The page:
Should blockchain networks encounter operational disruptions, crypto transactions cannot be recorded and completed, and the use of stablecoins as mediums of payment and trading on crypto-asset markets will be disrupted at the same time.
DeFi applications that run on blockchain networks and financial intermediation facilitated by their protocols, likewise, cannot proceed.
“While traditional finance is also subject to cyber risks, these are a relatively greater threat to the crypto ecosystem because of its comparatively higher level of technological intensity,” said MAS.
The open source nature of the technologies used in the crypto ecosystem also makes it more likely to be exploited than the technologies used in traditional finance.
Risks specific to crypto-assets
The absence of a fundamental value for these crypto-assets implies that much trading is “speculative in nature and highly sentiment-driven”, and this leaves crypto-asset markets more susceptible to large swings in prices than more conventional types of assets.
The use of debt to fund crypto trading also increases the market’s susceptibility to price corrections in crypto-asset trading.
Risks specific to DeFi
Cyberattacks, such as hacks or exploits of coding vulnerabilities, can severely disrupt DeFi application operations, and the decentralised governance of DeFi applications also increases the likelihood that such operational disruptions are not being resolved in a timely manner.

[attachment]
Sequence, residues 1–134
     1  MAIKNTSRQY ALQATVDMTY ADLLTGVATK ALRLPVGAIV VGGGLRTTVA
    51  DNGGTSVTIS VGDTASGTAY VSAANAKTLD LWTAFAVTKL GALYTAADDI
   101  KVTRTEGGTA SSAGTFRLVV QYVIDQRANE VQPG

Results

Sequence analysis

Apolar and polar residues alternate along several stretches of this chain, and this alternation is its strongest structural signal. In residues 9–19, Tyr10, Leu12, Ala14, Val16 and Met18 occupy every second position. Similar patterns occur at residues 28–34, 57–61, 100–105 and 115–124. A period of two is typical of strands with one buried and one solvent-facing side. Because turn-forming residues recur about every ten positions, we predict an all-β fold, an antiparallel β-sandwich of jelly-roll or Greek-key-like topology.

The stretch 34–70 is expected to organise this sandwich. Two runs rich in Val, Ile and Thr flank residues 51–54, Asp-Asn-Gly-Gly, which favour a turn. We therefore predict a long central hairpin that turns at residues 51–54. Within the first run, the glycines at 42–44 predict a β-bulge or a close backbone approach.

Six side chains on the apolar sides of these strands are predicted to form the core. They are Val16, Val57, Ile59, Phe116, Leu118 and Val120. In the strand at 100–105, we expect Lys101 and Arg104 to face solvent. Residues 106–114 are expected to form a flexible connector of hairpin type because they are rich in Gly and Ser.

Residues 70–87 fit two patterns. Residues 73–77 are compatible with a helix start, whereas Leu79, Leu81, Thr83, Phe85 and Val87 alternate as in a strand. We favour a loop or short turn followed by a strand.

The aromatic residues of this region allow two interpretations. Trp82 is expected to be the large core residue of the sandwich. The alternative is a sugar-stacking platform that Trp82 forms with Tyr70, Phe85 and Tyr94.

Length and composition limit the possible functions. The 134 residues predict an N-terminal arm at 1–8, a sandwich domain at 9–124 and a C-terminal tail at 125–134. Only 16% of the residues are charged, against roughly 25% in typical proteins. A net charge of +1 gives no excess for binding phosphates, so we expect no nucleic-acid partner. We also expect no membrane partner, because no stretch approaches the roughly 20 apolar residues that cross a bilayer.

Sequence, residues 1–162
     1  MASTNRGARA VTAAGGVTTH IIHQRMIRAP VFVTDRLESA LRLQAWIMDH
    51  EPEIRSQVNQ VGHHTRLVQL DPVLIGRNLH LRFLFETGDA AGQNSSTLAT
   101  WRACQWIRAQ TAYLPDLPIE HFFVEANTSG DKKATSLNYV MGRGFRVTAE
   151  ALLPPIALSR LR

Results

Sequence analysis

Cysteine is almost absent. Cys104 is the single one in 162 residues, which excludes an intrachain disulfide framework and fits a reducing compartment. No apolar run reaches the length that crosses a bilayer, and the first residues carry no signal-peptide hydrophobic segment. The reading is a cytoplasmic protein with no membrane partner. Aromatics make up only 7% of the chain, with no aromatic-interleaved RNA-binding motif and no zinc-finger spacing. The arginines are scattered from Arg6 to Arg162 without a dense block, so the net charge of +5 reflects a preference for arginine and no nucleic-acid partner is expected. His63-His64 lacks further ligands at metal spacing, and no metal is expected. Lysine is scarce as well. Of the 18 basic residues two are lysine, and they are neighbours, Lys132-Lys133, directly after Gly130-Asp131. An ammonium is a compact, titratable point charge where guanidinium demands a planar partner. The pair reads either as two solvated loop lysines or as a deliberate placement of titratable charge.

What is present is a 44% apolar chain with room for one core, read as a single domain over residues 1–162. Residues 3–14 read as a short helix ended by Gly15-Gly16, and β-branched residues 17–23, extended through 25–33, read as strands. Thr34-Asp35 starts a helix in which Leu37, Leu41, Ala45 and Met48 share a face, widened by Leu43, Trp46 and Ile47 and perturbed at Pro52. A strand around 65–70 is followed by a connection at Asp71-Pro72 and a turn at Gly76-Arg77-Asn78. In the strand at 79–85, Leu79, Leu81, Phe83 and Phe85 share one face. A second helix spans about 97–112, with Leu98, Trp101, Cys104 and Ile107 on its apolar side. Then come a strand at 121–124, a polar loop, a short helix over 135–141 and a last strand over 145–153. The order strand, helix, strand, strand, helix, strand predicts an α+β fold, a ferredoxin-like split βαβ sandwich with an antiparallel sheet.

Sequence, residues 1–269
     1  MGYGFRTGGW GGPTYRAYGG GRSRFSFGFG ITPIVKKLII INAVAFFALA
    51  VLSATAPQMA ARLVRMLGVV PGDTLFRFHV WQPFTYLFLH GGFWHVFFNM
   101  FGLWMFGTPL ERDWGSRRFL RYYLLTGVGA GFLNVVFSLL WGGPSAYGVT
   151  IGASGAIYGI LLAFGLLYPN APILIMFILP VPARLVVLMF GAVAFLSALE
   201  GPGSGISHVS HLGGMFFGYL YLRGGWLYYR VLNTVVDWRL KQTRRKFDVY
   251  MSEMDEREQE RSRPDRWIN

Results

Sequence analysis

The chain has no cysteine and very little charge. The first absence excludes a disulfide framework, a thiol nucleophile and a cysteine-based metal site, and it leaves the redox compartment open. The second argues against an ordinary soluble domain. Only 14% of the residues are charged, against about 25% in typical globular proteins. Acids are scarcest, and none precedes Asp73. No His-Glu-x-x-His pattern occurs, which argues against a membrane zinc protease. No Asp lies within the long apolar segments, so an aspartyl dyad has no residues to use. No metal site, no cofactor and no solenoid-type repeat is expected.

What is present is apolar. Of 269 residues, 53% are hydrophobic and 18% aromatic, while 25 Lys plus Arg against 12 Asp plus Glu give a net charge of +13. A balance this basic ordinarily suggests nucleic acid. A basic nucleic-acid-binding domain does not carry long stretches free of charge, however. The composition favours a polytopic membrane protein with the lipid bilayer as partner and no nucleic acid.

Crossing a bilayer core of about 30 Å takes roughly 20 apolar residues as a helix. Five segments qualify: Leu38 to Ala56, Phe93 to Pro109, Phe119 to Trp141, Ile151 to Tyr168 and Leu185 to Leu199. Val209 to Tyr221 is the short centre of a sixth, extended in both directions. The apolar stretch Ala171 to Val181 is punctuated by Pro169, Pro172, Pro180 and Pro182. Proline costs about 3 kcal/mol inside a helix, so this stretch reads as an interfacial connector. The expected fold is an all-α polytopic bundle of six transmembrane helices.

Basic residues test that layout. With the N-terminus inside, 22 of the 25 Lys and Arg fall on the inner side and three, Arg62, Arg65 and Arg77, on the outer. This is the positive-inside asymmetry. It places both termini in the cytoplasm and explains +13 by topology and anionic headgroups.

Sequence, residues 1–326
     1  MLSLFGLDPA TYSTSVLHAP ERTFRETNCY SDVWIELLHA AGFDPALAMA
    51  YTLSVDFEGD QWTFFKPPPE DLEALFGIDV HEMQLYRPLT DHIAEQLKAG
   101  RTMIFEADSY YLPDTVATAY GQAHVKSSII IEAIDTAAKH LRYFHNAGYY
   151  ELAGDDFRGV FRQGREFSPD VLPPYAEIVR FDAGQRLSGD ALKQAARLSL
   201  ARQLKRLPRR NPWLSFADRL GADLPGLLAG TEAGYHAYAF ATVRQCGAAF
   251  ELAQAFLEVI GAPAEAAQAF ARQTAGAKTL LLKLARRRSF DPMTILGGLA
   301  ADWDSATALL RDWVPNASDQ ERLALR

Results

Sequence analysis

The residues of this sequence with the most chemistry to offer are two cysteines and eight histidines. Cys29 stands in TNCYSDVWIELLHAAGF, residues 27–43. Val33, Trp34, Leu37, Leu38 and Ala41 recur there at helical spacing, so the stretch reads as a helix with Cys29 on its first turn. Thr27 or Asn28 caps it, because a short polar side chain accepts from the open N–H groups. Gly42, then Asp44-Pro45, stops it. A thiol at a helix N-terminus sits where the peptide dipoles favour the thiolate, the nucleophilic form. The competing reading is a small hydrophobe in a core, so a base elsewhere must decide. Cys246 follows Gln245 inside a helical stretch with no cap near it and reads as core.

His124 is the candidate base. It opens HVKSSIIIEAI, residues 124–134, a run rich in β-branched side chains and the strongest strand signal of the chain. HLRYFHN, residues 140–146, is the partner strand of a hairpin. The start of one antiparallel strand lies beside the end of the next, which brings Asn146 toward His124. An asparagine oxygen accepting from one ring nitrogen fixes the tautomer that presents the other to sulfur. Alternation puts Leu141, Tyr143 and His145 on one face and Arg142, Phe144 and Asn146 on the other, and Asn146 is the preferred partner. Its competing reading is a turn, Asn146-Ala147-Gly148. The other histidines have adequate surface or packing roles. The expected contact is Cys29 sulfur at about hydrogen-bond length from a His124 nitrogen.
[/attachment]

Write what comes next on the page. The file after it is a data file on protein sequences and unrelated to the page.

MAS said that the implications of risks is not only on the likelihood of “impact shocks” within the crypto ecosystem, but also that they could “become systemically disruptive if propagated to the wider financial sector”.
Another implication to financial stability arises from the changes to the structure of the financial system caused by the adoption of crypto-assets and the underlying technology.
“The changes could take the form of new modes of financial intermediation, a displacement of incumbent mediums of exchange and other financial services providers, which could accentuate the volatility of cross-border capital flows,” said MAS.
Thus, there is the potential of disruption to the stability of the business models of banks and other regulated financial institutions, as well as “non-trivial implications on the monetary and external stability of economies”.
How to mitigate the risks
MAS said that financial innovation has the potential to improve the financial processes and the operation of the financial system more generally.
For example, the tokenisation of assets and their deployment on blockchain networks may reduce settlement times and costs for cross-border payments and trade finance, and in capital markets.
However, due to the risks to financial stability involved, regulations at the business level will play an important role in “mitigating the vulnerabilities presented by crypto-assets and DeFi at source”.
These regulations include:
• Regulatory frameworks that specifically target stablecoins and their risks, which are in progress
• Growing initiatives by global regulators to mitigate risks posed by crypto-asset markets, including money laundering and terrorist financing. MAS has proposed a set of regulatory measures in October to address concerns on the use of digital payment token services, including stipulations that businesses ensure their consumers pass a test on the risks of buying cryptocurrencies before they are allowed to do so
• Limiting banks’ crypto-asset exposures by enhancing the resilience of banks to shocks from crypto-markets ― Today